Leaving England

The sun is shining, there’s not a cloud in the sky and there’s football on the television and an open beer beside me. All in all the recipe for a perfect evening. It isn’t, I feel strange and the beer lies untouched. This is the last evening I’ll spend as a UK resident. I can’t decide how I feel other than it’s a kaleidoscope. I’m excited, happy, sad, exhausted, drained and intrigued by what America will offer me. This process has taken over a year and it’s taught me a lot about myself, I’ve even learnt patience. Tomorrow I get to start living with my wife, thanks USCIS for only making us wait a year for that.The next article I write will be from the other side of the Atlantic with a whole new perspective on everything no doubt.

 

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A last walk along the beach

 

I should probably be running around freaking out over what I have forgotten but I feel strangely calm, perhaps dangerously calm. Like a snake shedding it’s skin, I’ve reduced my life to nothing. Two suitcases. 52KG. I probably eat more chocolate than that in a week to be honest! I’ve certainly found out how much stuff I had that I don’t need. One family member gave me a Lynx deodorant every Christmas and as I didn’t like the smell but was too polite to say I had about 16 bottles of the stuff. Maybe I just smell.  I have plenty of other stuff I didn’t need, which Englishman has not one but two fancy dress sombreros anyway. Maybe I should have supported Mexico at the World Cup. Giving stuff away to family members, charity and friends is pretty therapeutic and I’ve promised myself I will try and be light on possessions in America.

I’ve finished my packing and now all I need to do is get to the airport and board my plane. But I think it’s time for a shave and then a final check of my possessions before getting some rest. Goodbye England, it’s been good.

 

 

The Bittersweet Nature of Goodbyes

I was in a card shop the other day and I jokingly asked the assistant if they had a goodbye card with the theme “Sorry you hate me forever for leaving” but needless to say they didn’t. I might design one, I’m sure there’s a demand for one done in a tongue in cheek British manner. I know that people don’t hate me but when friends and family get sad I do feel guilty although I think most people are happy for me and know that I’m leaving the UK for the right reason. That doesn’t make the goodbyes any easier though and that’s what today’s post is about.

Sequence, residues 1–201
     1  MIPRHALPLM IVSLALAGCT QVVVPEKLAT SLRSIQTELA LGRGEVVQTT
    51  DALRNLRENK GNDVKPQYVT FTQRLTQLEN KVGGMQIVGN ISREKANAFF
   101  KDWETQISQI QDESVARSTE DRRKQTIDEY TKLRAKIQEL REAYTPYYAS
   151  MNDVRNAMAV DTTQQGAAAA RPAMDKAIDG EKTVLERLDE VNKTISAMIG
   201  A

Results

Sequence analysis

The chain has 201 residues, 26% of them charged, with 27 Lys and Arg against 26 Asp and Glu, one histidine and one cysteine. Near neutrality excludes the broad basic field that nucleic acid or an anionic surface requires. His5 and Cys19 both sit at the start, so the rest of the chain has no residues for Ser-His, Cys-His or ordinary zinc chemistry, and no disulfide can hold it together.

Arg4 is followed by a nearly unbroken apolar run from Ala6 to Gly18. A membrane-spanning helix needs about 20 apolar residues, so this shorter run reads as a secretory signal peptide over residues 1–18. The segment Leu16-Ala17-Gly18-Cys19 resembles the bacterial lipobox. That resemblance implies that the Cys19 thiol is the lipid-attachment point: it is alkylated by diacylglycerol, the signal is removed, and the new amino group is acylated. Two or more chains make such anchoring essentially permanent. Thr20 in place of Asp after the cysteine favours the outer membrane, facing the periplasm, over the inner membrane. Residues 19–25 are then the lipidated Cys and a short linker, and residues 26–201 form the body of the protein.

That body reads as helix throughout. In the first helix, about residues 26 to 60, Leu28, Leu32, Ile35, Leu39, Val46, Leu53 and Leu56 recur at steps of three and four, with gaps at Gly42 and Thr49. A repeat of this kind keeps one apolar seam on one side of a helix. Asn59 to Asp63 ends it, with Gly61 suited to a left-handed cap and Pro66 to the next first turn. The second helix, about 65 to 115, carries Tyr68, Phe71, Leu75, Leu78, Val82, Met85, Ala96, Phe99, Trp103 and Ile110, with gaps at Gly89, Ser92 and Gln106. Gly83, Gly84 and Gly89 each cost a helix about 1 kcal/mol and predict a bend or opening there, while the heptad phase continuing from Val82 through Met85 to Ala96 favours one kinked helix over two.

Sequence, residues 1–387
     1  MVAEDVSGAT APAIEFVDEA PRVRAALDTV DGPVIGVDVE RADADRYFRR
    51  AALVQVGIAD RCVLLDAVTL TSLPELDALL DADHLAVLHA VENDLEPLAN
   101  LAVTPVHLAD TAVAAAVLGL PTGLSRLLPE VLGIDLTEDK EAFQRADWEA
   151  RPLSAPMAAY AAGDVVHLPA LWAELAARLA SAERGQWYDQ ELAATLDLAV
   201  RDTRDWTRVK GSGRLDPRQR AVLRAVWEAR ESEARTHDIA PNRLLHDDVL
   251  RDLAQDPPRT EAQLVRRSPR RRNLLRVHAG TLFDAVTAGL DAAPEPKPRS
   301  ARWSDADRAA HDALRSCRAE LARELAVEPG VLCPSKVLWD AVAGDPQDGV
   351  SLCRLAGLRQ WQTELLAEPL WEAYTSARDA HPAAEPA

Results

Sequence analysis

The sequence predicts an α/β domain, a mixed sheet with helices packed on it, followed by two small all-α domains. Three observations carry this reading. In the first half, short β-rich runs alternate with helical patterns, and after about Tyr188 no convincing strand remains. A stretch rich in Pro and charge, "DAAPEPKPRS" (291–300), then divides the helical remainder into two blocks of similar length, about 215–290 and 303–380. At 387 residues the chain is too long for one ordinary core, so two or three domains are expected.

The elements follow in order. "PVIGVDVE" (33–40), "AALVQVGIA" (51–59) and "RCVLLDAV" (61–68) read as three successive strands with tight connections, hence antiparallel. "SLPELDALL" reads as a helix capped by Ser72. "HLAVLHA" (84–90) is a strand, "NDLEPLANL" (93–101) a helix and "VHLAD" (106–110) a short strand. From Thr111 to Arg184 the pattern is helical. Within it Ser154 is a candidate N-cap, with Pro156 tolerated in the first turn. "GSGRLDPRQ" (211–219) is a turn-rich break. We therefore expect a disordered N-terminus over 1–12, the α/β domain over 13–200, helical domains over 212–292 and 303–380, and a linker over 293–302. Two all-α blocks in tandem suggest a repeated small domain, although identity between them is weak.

The theme of the last few weeks, apart from endless packing and running around aimlessly like an England midfielder trying to get things done has been goodbyes. I’ve said goodbye to friends, to family and even to a few pubs. Goodbyes are painful, often long and draped with emotion and when you have a lot of them in a short space of time they are often wearying too. Every goodbye is different in nature too, from the gruff and very British “See you around mate” (you won’t I’ll be 3000 miles away so I won’t bump into you down the local) to the more emotional and tear filled ones (like the one I’ll have with my mum on Wednesday). I read a quote the other day “How lucky I am to have known someone who was so hard to say goodbye to”  and it made me think that instead of mourning the loss of people in my life I should instead be glad that I’ve known (most) of them.

    I’m very lucky that technology exists to talk to people on the other side of the world for free instead of having to write and post constantly and that social networks make it easy to stay involved in peoples lives. Although flights can be expensive, I’ll only be seven hours away from the UK by air and that’s nothing to really complain about. So I shall stay in touch with people and return home for visits and hopefully entertain visitors in the US. Imagine 200 years ago when a transatlantic voyage might involve conflict with a French warship (well I say conflict but accepting the surrender of the French captain might be more accurate), scurvy and possibly rum, sodomy and the lash. I’ll let you decide which of those would be the worst! I don’t have to fear any of those on my flight although if I was flying with Ryanair they’d probably offer them all as an optional cash extra.